As one of the most in-demand players of his generation, it’s absurdly surprising that this is Brandon Lopez’s first album as leader. And although the compositional themes that act as a root for the three cuts that make up ‘Holy, Holy’ are from Lopez’s pen, it is a testament to his ideals of complete collaboration that the material on the record is developed wholly by an astonishingly well-recruited trio. Having Chris Corsano sitting behind the drums is a clear stroke of genius, an improviser whose restless spirit mirrors Lopez’s perfectly, sharing a similar resume of playing with the most vital players in the Global improvised music scene. It’s a real rarity to hear Corsano play with a pianist, which has directed his percussive choices into a deeply swing-orientated playing, keeping the music resolutely propulsive whilst losing none of his trademark inventiveness. Sam Yulsman's piano playing shifts from cascading blocks of sound to darkly inquisitive tone clusters, always rooted in deeper end of the melodic spectrum which act as perfect foil for Lopez’s dizzying arco lines. There is a cerebral kind of spiritualism that colours the music on ‘Holy, Holy’, made evident by Lopez’s impassioned vocal doubling of bowed bass work at several points throughout and, barring a few brief soloist excursions, the trio plays in total communion. Nowhere is this more clear than on the closing track of the record, where Lopez’s beautifully wonderous chromatic song ascends further and further into the reaches of the sky. Corsano and Yulsman gallop around the climbing riff with their own slightly out-of-step reflections on the melody which, far from jarring, create a kind of overlapping rising tension towards the ecstatic. And that for me is what ‘Holy, Holy’ is all about: the ecstasy of interplay.
The compositions were a collection of themes meant to be developed by the performers of the music. The themes are strong harmonic/melodic suggestion on paper, but the players are the makers of the music.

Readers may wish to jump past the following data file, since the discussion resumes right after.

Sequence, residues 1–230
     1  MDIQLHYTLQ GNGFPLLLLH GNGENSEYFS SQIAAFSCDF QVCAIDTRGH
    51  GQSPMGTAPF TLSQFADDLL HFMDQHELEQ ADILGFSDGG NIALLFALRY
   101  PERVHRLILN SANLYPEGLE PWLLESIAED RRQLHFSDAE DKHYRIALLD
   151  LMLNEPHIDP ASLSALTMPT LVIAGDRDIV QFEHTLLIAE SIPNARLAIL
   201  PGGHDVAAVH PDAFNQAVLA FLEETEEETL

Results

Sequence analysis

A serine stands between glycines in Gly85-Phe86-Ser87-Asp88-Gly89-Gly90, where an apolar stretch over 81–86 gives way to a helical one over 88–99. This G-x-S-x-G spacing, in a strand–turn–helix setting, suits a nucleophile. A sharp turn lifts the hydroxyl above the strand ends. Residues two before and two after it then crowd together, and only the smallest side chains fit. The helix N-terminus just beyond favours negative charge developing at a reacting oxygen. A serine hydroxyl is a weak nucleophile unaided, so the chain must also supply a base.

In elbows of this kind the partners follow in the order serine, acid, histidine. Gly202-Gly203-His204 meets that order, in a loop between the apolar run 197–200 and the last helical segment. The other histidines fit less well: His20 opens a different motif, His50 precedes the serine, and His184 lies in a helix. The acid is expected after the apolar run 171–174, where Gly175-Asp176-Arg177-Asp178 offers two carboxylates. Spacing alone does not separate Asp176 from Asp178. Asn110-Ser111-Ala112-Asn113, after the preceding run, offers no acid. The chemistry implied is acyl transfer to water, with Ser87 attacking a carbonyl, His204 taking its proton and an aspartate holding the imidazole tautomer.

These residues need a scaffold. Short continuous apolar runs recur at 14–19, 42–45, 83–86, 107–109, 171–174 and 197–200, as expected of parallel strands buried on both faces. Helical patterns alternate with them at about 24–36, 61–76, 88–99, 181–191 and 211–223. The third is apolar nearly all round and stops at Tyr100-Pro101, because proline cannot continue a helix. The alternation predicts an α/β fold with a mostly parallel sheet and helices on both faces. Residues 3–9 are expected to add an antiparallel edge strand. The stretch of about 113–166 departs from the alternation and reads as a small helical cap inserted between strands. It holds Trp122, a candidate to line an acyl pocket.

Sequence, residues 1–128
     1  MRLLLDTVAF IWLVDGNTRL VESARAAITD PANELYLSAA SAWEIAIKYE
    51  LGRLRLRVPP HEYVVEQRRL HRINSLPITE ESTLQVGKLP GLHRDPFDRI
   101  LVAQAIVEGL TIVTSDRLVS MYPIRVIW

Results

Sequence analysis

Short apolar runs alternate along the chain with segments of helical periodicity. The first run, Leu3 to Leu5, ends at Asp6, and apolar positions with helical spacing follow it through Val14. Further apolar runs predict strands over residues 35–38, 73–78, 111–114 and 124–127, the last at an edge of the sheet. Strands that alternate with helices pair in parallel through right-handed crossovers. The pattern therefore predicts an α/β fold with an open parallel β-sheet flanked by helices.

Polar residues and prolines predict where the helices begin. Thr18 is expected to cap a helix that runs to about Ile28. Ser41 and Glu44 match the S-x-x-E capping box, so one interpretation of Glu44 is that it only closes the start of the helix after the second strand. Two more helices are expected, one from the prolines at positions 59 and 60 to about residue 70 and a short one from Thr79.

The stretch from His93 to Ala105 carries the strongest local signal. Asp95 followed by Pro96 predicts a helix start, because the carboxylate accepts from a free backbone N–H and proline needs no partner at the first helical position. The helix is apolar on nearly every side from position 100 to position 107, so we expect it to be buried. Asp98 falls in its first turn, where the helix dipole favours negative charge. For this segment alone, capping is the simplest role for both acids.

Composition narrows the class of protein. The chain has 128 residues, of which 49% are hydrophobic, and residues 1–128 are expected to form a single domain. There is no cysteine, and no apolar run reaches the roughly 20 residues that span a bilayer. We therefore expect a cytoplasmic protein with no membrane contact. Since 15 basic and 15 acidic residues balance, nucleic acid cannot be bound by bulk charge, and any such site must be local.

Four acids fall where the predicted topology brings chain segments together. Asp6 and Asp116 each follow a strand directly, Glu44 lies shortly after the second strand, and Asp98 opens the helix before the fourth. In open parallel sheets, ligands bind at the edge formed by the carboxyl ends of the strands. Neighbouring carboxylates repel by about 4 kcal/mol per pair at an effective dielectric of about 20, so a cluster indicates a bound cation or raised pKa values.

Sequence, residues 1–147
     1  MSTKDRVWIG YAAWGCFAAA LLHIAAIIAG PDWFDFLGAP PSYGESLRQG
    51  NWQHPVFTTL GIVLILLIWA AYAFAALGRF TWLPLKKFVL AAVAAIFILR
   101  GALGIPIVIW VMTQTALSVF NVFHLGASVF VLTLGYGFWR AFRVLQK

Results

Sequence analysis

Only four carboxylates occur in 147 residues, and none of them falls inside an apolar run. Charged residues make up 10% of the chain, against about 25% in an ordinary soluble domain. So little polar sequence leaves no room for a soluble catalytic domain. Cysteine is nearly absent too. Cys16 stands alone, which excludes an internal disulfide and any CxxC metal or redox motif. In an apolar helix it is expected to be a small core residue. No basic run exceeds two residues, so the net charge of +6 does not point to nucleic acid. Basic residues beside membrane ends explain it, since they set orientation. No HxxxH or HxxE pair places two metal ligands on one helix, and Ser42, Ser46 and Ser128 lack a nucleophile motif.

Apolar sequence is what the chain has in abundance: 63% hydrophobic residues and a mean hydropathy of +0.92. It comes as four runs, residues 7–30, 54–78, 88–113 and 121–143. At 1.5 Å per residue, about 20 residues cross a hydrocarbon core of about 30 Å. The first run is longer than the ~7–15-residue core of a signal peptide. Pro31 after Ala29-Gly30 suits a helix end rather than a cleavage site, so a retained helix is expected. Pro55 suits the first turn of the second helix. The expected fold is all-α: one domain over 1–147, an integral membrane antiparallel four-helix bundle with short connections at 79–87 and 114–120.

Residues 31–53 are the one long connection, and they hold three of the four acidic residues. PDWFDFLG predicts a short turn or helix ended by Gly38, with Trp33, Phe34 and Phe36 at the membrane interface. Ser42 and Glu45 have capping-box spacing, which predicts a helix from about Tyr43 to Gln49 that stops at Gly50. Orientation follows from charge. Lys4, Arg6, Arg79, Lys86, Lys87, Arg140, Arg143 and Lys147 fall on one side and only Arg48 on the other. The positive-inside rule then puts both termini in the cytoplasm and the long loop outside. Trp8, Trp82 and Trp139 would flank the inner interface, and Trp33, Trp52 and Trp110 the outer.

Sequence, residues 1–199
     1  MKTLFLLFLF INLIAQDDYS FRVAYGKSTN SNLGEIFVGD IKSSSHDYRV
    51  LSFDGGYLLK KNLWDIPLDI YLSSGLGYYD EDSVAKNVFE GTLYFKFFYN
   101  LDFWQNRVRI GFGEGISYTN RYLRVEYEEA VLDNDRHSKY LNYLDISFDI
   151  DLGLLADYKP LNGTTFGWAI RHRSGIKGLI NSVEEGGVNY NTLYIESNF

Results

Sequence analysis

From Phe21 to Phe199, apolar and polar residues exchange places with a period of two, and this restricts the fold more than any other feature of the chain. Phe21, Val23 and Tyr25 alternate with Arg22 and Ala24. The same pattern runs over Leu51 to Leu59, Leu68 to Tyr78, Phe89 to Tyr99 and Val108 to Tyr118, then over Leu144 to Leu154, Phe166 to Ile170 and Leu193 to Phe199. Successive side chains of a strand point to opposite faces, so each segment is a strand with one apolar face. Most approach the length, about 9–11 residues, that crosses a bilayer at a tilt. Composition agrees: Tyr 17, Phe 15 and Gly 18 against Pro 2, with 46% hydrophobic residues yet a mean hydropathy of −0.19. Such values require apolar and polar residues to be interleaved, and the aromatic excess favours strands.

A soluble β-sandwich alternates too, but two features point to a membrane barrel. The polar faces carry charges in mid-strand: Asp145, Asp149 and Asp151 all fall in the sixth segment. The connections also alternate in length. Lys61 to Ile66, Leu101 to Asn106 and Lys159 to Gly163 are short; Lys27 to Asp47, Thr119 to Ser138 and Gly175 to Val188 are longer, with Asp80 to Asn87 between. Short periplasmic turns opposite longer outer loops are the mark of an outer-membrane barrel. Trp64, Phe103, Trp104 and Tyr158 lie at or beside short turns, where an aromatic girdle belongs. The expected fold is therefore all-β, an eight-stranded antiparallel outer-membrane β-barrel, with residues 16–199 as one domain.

"Featuring Brandon Lopez on contrabass, Sam Yulsman on piano and Chris Corsano on drums. Over the last few years there appears to be a new generation of double bassists rising up from the Downtown Scene and emerging as serious contenders. The current top of the heap is Brandon Lopez who we’ve heard with Nate Wooley, Guillermo Gregorio and Chris Pitsiokos in recent times. I also caught Mr. Lopez in a duo with Dave Rempis a few months back at Owl Parlor and was blown away by this duo! Mr. Lopez played a spirited solo set at DMG last Sunday (10/15/17) and left us with his new trio CD. I know little about pianist Sam Yulsan who is on this disc but I do know drummer Chris Corsano pretty well, since he is one of the most creative and distinctive percussionists I’ve heard in the past decade. Check out his playing with Evan Parker, Sir Richard Bishop (in Rangda), Nate Wooley or Joe McPhee.
This disc begins with some strange bowed bass sounds, something that Mr. Lopez has been working on and making his own. Eventually the piano and percussion enter and they start to erupt… the balance of spaciousness and busyness is just right. Even when things calm down to a minimum, the results are most cautious and filled with suspense. The overall trio sound is often mesmerizing, rather dream-like and moving in waves. The tension and flow keeps escalating as things evolve bringing things to a long crescendo before sailing down to a more restrained conclusion. The trio sounds like one force since the move together in focused waves, ascending and then descending over time. This disc does a fine job of taking us along for a ongoing journey, like a sail-boat moving on an active body of water with a healthy balance of more placid and even some stormy sections."
- Bruce Lee Gallanter, Downtown Music Gallery
"I first came across bassist Brandon Lopez as part of Amirtha Kidambi’s amazing Elder Ones band, lending his fluid licks to Kidambi’s ‘Holy Science’, an inspired mixture of classical Indian music and portal-opening jazz. Here, Lopez teams up with drummer Chris Corsano and pianist Sam Yulman to form a free music perpetual motion machine whose limber voyaging takes in abrasive furrows and airy melodic flights.